Using Gas Safely
Accidents involving gas cylinders can cause serious injury or even death. This guide provides simple practical advice on eliminating or reducing the risks associated with using gas cylinders. It is based on guidance issued by the Health and Safety Executive in June 2004, and is aimed at anyone who manufactures, owns, fills, repairs or uses gas cylinders at work, and especially at those who own or manage small businesses.
Gas cylinders used in adverse or extreme conditions, such as for breathing apparatus, may require special precautions, such as different frequencies for periodic inspections. These are not covered in this guide.
Gas cylinders are a convenient way to transport and store gases under pressure. These gases are used for many different purposes including:
- chemical processes;
- soldering, welding and flame cutting;
- breathing (e.g. diving, emergency rescue);
- medical and laboratory uses;
- dispensing beverages;
- fuel for vehicles (e.g. fork-lift trucks);
- extinguishing fires;
- heating and cooking;
- water treatment.
- impact from the blast of a gas cylinder explosion or rapid release of compressed gas;
- impact from parts of gas cylinders or valves that fail, or any flying debris;
- contact with the released gas or fluid (such as chlorine);
- fire resulting from the escape of flammable gases or fluids (such as LPG);
- impact from falling cylinders;
- manual handling injuries.
- inadequate training and supervision;
- poor installation;
- poor examination and maintenance;
- faulty equipment (e.g. badly fitted valves and regulators);
- poor handling;
- poor storage;
- inadequately ventilated working conditions;
- incorrect filling procedures;
- hidden damage.
All gas cylinders must be designed and manufactured to an approved standard to withstand everyday use and to prevent danger (see section on Legislation). They must be initially inspected before they are put into service to ensure they conform to the approved standard, and be periodically examined to ensure that they remain safe while in service.
Anyone who examines, refurbishes, fills or uses a gas cylinder should be suitably trained and have the necessary skills to carry out their job safely. They should understand the risks associated with the gas cylinder and its contents.
new employees should receive training and be supervised closely;
users should be able to carry out an external visual inspection of the gas cylinder and any attachments (e.g. valves, flashback arresters, and regulators) to determine whether they are damaged. Visible indicators may include dents, bulges, evidence of fire damage (scorch marks) and severe grinding marks etc.;
valves should only be removed by trained personnel using procedures which ensure that either the cylinder does not contain any pressure or that the valve is captured during the removal process.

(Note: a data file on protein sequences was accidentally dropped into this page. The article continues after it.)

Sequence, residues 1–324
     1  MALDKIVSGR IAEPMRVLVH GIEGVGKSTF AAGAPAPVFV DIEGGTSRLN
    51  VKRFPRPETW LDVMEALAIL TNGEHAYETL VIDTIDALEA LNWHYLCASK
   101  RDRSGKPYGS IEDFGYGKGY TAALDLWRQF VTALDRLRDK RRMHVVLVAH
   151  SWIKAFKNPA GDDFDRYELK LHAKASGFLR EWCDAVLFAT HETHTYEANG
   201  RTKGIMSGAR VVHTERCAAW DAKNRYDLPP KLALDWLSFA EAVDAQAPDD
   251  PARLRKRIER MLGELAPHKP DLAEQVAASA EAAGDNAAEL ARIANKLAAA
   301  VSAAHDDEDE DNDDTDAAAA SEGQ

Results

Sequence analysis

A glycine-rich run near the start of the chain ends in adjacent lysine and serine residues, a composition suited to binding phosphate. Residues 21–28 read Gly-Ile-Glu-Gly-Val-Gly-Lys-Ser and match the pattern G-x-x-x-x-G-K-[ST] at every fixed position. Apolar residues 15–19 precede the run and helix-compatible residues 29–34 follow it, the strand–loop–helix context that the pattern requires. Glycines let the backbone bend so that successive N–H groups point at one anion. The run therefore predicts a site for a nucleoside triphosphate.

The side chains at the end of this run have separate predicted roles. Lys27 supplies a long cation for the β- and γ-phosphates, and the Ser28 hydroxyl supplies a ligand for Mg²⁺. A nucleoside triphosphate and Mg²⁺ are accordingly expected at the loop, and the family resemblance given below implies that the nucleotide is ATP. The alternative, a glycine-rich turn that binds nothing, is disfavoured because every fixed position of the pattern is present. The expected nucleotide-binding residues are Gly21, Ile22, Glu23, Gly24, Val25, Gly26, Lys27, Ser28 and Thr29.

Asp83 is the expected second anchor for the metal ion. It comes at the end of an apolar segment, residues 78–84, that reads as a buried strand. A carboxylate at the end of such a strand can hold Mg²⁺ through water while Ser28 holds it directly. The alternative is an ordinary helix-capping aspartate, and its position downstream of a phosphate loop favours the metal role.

The law requires that gas cylinders are:
- manufactured to an appropriate standard approved under the relevant legislation; and
- examined by a relevant inspection body to verify that the cylinders are manufactured correctly and conform to the appropriate design standard.
Owners and fillers should satisfy themselves that the manufacturing requirements have been carried out, by examining either:
- the written certificate which accompanies the gas cylinder; or
- the stamp or mark of the relevant inspection body on the gas cylinder itself.
The law requires that all gas cylinders and valves are:
- examined and tested by the appropriate inspection body, in accordance with relevant regulations and at specified); and
- permanently marked by an appropriate inspection body to show the date of the last periodic examination.
Standards for periodic inspection and testing of cylinders and valves can be found on the HSE website at www.hse.gov.uk/cdg/pressure.htm.
For old gas cylinders there are legal requirements which prohibit modifications (with the exception of neck thread cutting) or major repairs to the body of seamless gas cylinders or cylinders which have contained acetylene. However, legal requirements allow for the modification and major repair (i.e. hot work) of other types of cylinders, subject to certain conditions.
For new cylinders repairs are prohibited to welds, cracks in the wall and leaks or other defects in the material of the wall, head or bottom of the cylinder. This allows the re-cutting of neck threads, but restricts hot work to de-denting operations only, and these must be carried out under the approval of a Notified or Approved Body.
Anyone carrying out the filling of gas cylinders should wear appropriate personal protective equipment. This may include safety shoes, protective overalls, gloves and ear and eye protection.
Standards for Inspection of Time of Fill should be followed. A current list of these standards, including standards for Pressure Drums, can be found on the HSE website at: www.hse.gov.uk/cdg/pressure.htm.
Use gas cylinders in a vertical position, unless specifically designed to be used otherwise;
Securely restrain cylinders to prevent them falling over;
Double check that the gas and the cylinder are the right ones for the intended use;